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Details of Grant 

EPSRC Reference: EP/V027360/2
Title: Coarse Geometry of Groups and Spaces
Principal Investigator: Hume, Dr DS
Other Investigators:
Researcher Co-Investigators:
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Department: School of Mathematics
Organisation: University of Birmingham
Scheme: EPSRC Fellowship
Starts: 28 November 2023 Ends: 27 September 2026 Value (£): 459,237
EPSRC Research Topic Classifications:
Algebra & Geometry Logic & Combinatorics
Mathematical Analysis
EPSRC Industrial Sector Classifications:
No relevance to Underpinning Sectors
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Panel History:  
Summary on Grant Application Form
A "group" is a family of symmetries of a geometric object. The subject of this research - geometric group theory - seeks to reveal the connections between the geometric properties of the object and the algebraic properties of its group of symmetries.

From the very beginning, group theory has been driven by its applications in mathematics and beyond, including: Galois' original theory on the roots of polynomials, Noether's theorem relating symmetries of a physical system to its' conservation laws, Lie and Kac-Moody groups in physics, crystallography in chemistry and material science, and public-key cryptography. Group theory enjoys dynamic interactions with computer science, particularly in the advancing fields of AI and machine learning; and shapes our understanding of topological spaces, geometry and number theory.

Many natural geometric properties (for example growth, dimension and curvature) have been intensively studied for their algebraic consequences. To give two examples, groups with polynomial growth are completely algebraically explained by Gromov's remarkable Polynomial Growth Theorem, there are many families of groups with exponential growth. Much more recently, examples of groups with "intermediate growth" were discovered, these groups are deeply mysterious. Another of Gromov's remarkable contributions is to show that a randomly chosen group is almost surely hyperbolic: that is, it is the group of symmetries of a geometric space with negative curvature.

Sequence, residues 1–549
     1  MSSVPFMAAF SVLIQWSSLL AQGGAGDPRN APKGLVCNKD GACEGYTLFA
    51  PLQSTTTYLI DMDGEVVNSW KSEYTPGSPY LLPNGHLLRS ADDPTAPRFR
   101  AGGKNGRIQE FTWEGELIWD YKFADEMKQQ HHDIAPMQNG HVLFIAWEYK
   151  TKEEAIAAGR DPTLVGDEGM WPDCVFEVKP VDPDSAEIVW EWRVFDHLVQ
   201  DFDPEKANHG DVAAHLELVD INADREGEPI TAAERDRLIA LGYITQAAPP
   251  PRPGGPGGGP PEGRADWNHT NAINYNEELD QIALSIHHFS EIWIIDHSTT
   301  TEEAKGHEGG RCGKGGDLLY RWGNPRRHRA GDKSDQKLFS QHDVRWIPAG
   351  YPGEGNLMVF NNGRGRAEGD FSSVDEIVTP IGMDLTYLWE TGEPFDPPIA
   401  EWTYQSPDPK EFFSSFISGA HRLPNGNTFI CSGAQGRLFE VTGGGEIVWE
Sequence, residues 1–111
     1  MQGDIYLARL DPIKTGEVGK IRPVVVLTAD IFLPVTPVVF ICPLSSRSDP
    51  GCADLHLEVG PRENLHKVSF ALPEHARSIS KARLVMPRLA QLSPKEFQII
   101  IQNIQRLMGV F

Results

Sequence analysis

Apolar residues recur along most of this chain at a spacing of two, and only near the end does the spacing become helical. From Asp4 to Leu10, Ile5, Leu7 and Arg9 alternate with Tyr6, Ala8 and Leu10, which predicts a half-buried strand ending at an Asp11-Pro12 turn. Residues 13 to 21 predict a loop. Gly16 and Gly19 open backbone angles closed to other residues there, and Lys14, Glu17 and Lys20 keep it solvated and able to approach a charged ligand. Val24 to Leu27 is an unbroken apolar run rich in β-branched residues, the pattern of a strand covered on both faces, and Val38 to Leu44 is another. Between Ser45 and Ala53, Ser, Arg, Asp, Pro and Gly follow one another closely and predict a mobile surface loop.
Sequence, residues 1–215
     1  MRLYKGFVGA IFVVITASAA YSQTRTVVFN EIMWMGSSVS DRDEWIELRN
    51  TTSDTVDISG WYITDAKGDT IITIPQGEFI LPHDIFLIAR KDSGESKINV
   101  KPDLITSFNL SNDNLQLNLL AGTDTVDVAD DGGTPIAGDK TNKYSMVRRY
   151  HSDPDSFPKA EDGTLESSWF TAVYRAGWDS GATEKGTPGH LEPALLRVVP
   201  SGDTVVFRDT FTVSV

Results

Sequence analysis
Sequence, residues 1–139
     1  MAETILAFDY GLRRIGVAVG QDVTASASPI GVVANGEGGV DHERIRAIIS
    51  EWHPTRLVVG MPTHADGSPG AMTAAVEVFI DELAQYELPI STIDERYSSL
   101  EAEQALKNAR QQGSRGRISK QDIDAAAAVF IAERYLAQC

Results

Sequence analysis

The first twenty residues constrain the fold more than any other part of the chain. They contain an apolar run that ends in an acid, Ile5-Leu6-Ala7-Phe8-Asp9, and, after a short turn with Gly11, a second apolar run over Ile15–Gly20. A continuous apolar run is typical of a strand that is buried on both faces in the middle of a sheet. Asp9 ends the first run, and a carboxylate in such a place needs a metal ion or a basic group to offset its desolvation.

A weakness of this approach is that many of these geometric properties only pass from highly symmetric geometric objects to nearly complete families of their symmetries - formally the group and the geometry are quasi-isometric, meaning they appear "the same" at sufficiently large scales. To study the more general relationship we need to allow the possibility that the group sits inside the geometric object in a highly-distorted way. Of the multitude of invariants known to geometric group theory, very few behave sufficiently well in this more general setting to give productive results.

My proposal concerns a new family of distortion-proof (coarse) invariants called Poincaré profiles, which I recently introduced. Poincaré profiles essentially measure how robustly connected parts of a geometric space can be on a variety of different scales. I have established that there is a connection between the Poincaré profiles of a hyperbolic group and the (conformal) dimension of a fractal associated to the group. Fractals are intricate shapes which exhibit self-similarity at increasingly small scales and there can be many different yet sensible ways to measure their dimension - none of which is necessarily an integer. One source of fractals is from boundaries of hyperbolic groups: visualisations of that group as seen "from infinity". A key goal of my proposal is to exactly reveal this relationship to improve our understanding of both hyperbolic groups and fractals.

More generally, there is a great need for further coarse invariants. Many structural results in geometric group theory are likely to have natural coarse analogues if one can find the right invariants. I have many ideas of problems which can be dealt with using new invariants I will define inspired by tools from analysis, algebraic topology, combinatorics, computer science and theoretical physics. There are also many natural applications of this work, since finding and quantifying well-connected parts of a network is a common goal in advertising algorithms, geometric deep learning, protein interaction modelling and graph neural networks. The continued development and improvement of these techniques has industrial and societal benefits ranging from improved financial forecasting and better 3D facial and speech recognition, to more accurate and efficient drug design and composite material design and testing.

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Organisation Website: http://www.bham.ac.uk